There’s an impressive instance of ‘super-deformed’
Vash has what I think is his first clash over pacifism with Kaite
BDN is voiced by one of my favs, Unshou Ishizuka
Next up is an arc I had a few names for but couldn’t really decide on – I settled on just the Wolfwood Arc but nearly went with ‘clues’ or Beneath the Surface Arc for episodes 9 -11, but it seemed easier to mention Nicholas instead.
Still, it’s a fun stretch of episodes since Wolfwood brings a lot to the table 😀
Here we go – the first of six posts where I ramble on and on (and on) about one of my favs: Trigun 😀
The first five episodes introduce Vash with a few lone gunman tropes but also carefully set up audience expectations around comedy and violence, as you learn pretty quickly that Vash will work extremely hard to preserve life.
It’s a fairly episodic stretch of the series while the world of Gunsmoke is established via long shots of desolate cities and dry hills and deserts, of saloons and townsfolk facing off against bandits, all the while offering little hints that the world is not wholly like Earth.
Here, Vash wanders around helping whoever he encounters, usually trailed by two other main characters the ‘insurance girls’ Meryl and Milly, rather than travelling with them.
That’s because this early in Trigun, the girls don’t accept that he is really Vash – the very man they’re seeking – and so this is part of why I thought these episodes would be a good arc.
No-one really knows who Vash is and since his description varies, save for a few easily replicable details, criminals often use this to their advantage. And so a lot of the jokes around mistaken identity occur in this arc, in fact the whole first episode has a great stacking effect of such moments.
I really liked the way that the opening to the series drops in some exposition via the talk of strangers, building Vash up as the ‘humanoid typhoon’ and then comically contrasting the rumours with his gentle exterior.
I remember noting that the tone YA tone is established pretty early too – for instance, while there’s the unwanted sexual advances in the bar or the more overt sexual threat with Descartes the mutant, the slapstick and also the time episodes often take to show us things like henchmen surviving violence almost gives the show a PG-feel.
Of course, that’s not accurate really, but nor is director Satoshi Nishimura taking cues from more bloodbath-style Westerns; there’s a bit of an adventure feel instead.
And surely, Vash’s pacifism helps – I’ve always wondered to what extent any boundaries set by Shōnen Captain may have potentially impacted the show’s violence at a certain level, vs say Nightow’s beliefs?. (Wolfwood springs to mind here, but now that I’ve said that, I do want to mention that I don’t like to go too deep into possible biographical criticism due to its pitfalls).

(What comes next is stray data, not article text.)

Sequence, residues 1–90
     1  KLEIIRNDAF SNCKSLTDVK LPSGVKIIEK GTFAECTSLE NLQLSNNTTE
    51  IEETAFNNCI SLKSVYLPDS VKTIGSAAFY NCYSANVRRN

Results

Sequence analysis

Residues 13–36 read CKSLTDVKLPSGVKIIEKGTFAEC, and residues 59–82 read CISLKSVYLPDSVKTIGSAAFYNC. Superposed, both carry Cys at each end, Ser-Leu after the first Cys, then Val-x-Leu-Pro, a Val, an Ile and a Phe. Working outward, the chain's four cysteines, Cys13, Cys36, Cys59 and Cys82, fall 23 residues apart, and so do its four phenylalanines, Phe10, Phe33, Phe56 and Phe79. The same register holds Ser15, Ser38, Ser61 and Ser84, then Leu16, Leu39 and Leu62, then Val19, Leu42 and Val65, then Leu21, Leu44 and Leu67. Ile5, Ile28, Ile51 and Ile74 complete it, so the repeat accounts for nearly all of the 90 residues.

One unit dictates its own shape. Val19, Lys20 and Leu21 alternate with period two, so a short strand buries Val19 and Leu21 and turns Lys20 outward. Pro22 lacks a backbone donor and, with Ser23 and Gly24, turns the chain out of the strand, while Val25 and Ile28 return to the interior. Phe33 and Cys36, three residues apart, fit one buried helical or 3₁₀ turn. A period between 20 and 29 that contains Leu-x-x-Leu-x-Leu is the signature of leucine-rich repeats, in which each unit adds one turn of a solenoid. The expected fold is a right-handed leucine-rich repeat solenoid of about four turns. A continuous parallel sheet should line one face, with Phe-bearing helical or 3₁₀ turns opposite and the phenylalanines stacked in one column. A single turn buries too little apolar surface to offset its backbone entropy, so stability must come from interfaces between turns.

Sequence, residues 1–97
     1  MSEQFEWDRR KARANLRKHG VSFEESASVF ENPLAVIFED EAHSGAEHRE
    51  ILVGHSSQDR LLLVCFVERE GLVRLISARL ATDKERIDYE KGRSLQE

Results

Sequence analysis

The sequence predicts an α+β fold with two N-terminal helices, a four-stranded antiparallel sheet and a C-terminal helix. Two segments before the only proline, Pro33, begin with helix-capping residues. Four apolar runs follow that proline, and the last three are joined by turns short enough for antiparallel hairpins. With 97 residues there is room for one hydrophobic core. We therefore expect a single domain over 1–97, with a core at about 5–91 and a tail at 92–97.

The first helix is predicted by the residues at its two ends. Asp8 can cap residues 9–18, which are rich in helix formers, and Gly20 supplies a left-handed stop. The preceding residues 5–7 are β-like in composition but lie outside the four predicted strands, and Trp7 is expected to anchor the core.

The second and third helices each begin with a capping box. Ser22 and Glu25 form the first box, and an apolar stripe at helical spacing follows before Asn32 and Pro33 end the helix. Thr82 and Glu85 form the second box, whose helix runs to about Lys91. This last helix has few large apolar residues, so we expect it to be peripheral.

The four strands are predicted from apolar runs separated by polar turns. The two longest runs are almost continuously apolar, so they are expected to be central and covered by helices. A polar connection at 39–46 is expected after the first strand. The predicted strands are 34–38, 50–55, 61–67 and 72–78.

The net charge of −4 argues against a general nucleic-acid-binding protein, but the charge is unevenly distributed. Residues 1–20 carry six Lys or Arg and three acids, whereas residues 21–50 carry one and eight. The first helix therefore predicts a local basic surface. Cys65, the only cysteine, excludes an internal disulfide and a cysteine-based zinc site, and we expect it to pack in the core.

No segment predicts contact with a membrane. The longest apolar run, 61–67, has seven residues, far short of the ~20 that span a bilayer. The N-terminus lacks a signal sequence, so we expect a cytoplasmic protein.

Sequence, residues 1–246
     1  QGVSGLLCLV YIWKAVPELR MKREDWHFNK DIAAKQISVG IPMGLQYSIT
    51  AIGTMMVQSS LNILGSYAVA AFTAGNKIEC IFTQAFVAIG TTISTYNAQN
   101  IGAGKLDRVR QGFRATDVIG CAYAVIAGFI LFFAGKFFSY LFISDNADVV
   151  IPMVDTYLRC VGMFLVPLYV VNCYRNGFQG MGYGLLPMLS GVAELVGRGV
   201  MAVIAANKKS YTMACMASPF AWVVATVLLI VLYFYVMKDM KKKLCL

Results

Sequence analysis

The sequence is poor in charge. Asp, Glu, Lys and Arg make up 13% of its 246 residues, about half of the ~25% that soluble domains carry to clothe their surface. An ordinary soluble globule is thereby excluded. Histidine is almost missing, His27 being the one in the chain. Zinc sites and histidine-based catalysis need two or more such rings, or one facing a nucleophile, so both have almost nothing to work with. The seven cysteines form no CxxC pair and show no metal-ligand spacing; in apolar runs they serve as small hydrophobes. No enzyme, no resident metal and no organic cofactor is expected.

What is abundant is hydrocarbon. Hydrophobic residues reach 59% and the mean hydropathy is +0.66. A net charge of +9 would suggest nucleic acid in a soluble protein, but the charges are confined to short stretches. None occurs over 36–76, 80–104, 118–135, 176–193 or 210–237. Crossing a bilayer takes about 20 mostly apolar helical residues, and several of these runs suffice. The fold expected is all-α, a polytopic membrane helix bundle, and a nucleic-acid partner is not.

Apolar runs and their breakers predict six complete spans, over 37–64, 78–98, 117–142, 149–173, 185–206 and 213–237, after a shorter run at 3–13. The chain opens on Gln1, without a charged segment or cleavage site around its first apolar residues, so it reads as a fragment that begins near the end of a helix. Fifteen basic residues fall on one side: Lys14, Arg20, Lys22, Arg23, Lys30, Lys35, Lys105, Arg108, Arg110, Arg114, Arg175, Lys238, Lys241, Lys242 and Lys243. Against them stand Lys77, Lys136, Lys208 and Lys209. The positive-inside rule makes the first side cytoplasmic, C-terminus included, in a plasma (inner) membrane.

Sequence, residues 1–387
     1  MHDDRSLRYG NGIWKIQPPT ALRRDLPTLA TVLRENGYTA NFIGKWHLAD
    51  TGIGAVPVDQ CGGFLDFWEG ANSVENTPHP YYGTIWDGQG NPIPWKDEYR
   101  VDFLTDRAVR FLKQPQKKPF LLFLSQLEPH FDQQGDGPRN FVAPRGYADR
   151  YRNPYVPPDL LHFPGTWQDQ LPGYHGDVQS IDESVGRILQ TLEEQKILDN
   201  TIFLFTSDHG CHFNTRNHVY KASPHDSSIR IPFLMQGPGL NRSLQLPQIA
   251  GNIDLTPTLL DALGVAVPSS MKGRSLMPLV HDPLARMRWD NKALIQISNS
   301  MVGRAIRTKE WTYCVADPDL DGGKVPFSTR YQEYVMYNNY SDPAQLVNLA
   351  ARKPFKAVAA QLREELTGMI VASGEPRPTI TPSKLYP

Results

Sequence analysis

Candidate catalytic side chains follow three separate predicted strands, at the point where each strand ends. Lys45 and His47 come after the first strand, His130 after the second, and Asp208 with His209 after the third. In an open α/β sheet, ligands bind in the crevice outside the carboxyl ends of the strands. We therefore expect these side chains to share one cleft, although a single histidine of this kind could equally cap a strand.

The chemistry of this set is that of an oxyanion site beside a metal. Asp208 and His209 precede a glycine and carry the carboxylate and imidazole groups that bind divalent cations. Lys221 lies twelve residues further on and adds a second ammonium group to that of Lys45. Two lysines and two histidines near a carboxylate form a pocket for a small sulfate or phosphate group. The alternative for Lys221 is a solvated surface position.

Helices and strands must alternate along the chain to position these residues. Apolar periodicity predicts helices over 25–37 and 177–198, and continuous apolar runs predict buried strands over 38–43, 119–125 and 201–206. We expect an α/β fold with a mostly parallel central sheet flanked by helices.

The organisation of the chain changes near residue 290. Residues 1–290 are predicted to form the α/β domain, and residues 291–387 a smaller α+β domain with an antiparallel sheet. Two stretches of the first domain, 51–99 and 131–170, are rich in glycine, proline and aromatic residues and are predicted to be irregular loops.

Something else I noticed was how much these early episodes feature either Western or Samurai tropes. Obviously you have things like bandits and crooked sheriffs and wanted posters and fancy revolvers etc, but one of my fav moments here is the trashcan-lid moment in the shoot out between Vash and‘Vash’.
Just as often, these conventions are subverted by Vash’s pacifism – especially when he solves situations that seem to demand killing, without actually shedding blood. These moments also provide great foreshadowing for the central moral and thematic conflict.
In this arc I also enjoyed the early hints that Vash is more than he seems – and so is the world itself wrapped in some mystery too.
There are touches of the anachronistic with the headphones early on… at least, on first viewing you might wonder about that, but aside from the Western + Steampunk feel, the setting is obviously more than it seems. This is driven home with the first appearance of the plant too – but, like most good storytelling, not every secret is revealed right away!
At this point the bigger storyline is yet to be revealed but enough hints are set out that I remember being hooked on the world (and Vash himself) upon that first viewing. I had so many unanswered questions that I didn’t need a ‘main’ plotline yet 🙂
Okay, so to wrap up at last, I thought quickly I’d note a few things as dot-points here at the end – otherwise I’ll go on for far, far too long:
First Cat-Face from Vash
First glamour-face from Vash too
First appearance of Nightow’s mysterious black cat
This fun line from Meryl: “He saved us but he’s embarrassing to watch”
The goofiness of the humour is established nicely via things like off-model faces or the crab walk or Vash having to ‘caterpillar’ his way across the floor
In terms of character design you will get a bit of ugly person = bad person
I’m pretty sure that it’s in the second episode that I noticed the first appearance of my fav piece from the OST: Stories to Tell
So, what’s next for these Trigun posts? The second one covers a much shorter group of episodes, just three for the The Sand Steamer Arc, but it’s one which introduces the first shift in tone perhaps.